Judith Collins has challenged the Government to pass an emergency law change to allow more houses to be built, in her first speech of the year.
Collins said she had written to Prime Minister Jacinda Ardern offering bipartisan support for a bill to be drafted as soon as March that would allow for new houses to be consented rapidly.
This policy is very similar to one that National campaigned on at the last election.
Her State of the Nation speech came as skyrocketing house prices and steadily rising rents have caused a political headache for the Labour-led Government, which was elected in 2017 promising to rein in house price inflation.
Collins said the situation was “spiralling out of control” and emergency powers were needed while the Government worked on its reforms to the Resource Management Act (RMA), which aren’t expected to be enacted until at least 2022.
“I am calling on the Government to introduce urgent temporary legislation to make it easier to build a house, until the permanent RMA reforms are completed,” Collins said.
“The legislation would give Government powers to rezone land and avoid frustrating consenting delays. It was done by National following the Canterbury earthquakes. It’s now urgent for the rest of the country.”
The policy would see much of the power over housing consenting wrested from councils and given to central Government. The Government would be able to rezone council land to allow for more housing – both through greenfield developments and intensification.
It would also suspend the requirement for infrastructure to be built prior to zoning and suspend the appeals process so district plans could be completed “as soon as possible”.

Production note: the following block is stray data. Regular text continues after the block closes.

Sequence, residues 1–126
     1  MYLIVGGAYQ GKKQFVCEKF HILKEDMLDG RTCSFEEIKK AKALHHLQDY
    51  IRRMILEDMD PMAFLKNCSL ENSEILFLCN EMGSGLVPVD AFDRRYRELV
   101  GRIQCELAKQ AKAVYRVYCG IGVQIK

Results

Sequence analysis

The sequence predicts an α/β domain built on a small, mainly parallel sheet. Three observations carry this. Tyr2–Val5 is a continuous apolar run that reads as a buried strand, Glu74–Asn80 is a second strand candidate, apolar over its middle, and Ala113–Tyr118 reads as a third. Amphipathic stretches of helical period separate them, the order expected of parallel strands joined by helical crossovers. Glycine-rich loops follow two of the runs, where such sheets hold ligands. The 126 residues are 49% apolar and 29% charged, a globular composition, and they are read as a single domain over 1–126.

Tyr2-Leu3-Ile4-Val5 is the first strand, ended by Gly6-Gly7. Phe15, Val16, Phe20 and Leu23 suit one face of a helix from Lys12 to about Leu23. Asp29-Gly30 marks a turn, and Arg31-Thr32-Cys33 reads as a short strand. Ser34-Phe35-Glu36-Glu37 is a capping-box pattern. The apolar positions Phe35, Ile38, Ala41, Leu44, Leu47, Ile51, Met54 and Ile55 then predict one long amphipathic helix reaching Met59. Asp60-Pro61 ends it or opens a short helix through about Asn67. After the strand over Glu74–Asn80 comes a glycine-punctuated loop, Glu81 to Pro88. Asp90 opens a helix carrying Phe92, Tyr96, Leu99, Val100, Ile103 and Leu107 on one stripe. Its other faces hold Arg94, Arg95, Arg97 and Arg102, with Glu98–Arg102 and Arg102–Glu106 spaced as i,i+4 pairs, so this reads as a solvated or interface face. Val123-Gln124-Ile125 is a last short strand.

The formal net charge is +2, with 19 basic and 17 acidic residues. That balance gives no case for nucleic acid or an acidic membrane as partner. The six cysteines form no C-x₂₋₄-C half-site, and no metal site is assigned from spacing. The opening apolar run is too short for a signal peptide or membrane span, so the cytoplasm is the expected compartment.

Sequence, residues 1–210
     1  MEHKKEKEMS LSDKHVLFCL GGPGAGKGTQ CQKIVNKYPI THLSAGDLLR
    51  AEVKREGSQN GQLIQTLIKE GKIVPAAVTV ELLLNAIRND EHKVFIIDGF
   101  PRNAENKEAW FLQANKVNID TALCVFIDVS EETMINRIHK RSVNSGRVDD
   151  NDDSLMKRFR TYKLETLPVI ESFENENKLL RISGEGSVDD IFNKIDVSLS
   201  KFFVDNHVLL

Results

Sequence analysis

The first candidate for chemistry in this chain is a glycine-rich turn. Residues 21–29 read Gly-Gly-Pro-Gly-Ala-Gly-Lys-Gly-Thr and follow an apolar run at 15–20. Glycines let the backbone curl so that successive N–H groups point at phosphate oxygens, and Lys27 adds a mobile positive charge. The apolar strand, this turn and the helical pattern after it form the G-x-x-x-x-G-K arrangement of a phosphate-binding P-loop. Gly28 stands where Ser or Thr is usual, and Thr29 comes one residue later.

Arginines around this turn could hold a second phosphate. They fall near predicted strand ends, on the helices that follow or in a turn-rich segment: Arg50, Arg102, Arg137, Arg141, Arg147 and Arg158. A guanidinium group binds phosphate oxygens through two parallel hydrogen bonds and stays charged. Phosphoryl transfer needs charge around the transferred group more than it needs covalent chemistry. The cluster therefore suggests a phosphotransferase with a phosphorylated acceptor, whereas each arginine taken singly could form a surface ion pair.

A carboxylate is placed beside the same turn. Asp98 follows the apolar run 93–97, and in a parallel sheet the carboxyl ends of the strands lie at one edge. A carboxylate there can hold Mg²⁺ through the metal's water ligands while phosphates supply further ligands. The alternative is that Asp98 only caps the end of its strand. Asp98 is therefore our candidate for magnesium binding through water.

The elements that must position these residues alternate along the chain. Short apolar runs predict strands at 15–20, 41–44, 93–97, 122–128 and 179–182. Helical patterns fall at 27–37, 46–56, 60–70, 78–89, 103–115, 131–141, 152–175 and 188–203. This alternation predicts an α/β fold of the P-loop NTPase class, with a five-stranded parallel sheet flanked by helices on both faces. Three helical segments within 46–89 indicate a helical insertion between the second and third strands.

Similar legislation was enacted for Canterbury by the last National Government after the 2011 earthquake, and has led to a much more stable housing market.
The Government have introduced a National Policy Statement on Urban Development which requires councils to allow intensification, but this will not go into full effect until August 2022.
“New Zealanders have had enough. It’s time for the two major political parties to work together to fix this problem,” Collins said.
Collins said a special select committee should be set up to draft the legislation with a view to introducing it by the end of March. She said Labour’s policies on housing thus far were not enough.
“Last week Labour merely announced where they will put more state houses. Their KiwiBuild failure has been matched by a belief that New Zealanders aspire to be on shorter waiting lists. It offers no help to the Kiwi families who want to own their own home,” Collins said.
The Government announced the full roll out plan for 8000 previously announced public houses last week, and a timeline for when other housing policies would be announced.
Collins laid out her wider vision for the National Party in the State of the Nation speech in Auckland’s Rotary Club.
She urged the Government to work faster on the Covid-19 vaccine roll out and do more to support businesses – criticising law changes that have raised the minimum wage, increased sick leave, and changed collective bargaining.
“Labour’s intentions are laudable but they are focused on alleviating the symptoms of stretched working families struggling to make ends meet rather than on the root causes of prosperity – supporting businesses to be more productive, investing in new capital, taking on new staff and lifting wages,” Collins said.
She said the tough economic outlook meant the Reserve Bank was being relied on to keep the pump primed with low interest rates, which in turn drove up house prices.
“The Government’s insistence on policies that stifle business growth means the Reserve Bank has to do more of the heavy lifting to prop up the economy through interest rates being lower than they otherwise need to be.
“National will be kind, but not at the expense of getting things done.”
House prices have risen rapidly in New Zealand across successive Governments.
National has generally campaigned against demand-side measures such as increased taxation of property wealth. After campaigning several times for a Capital Gains Tax, Labour has abandoned the policy.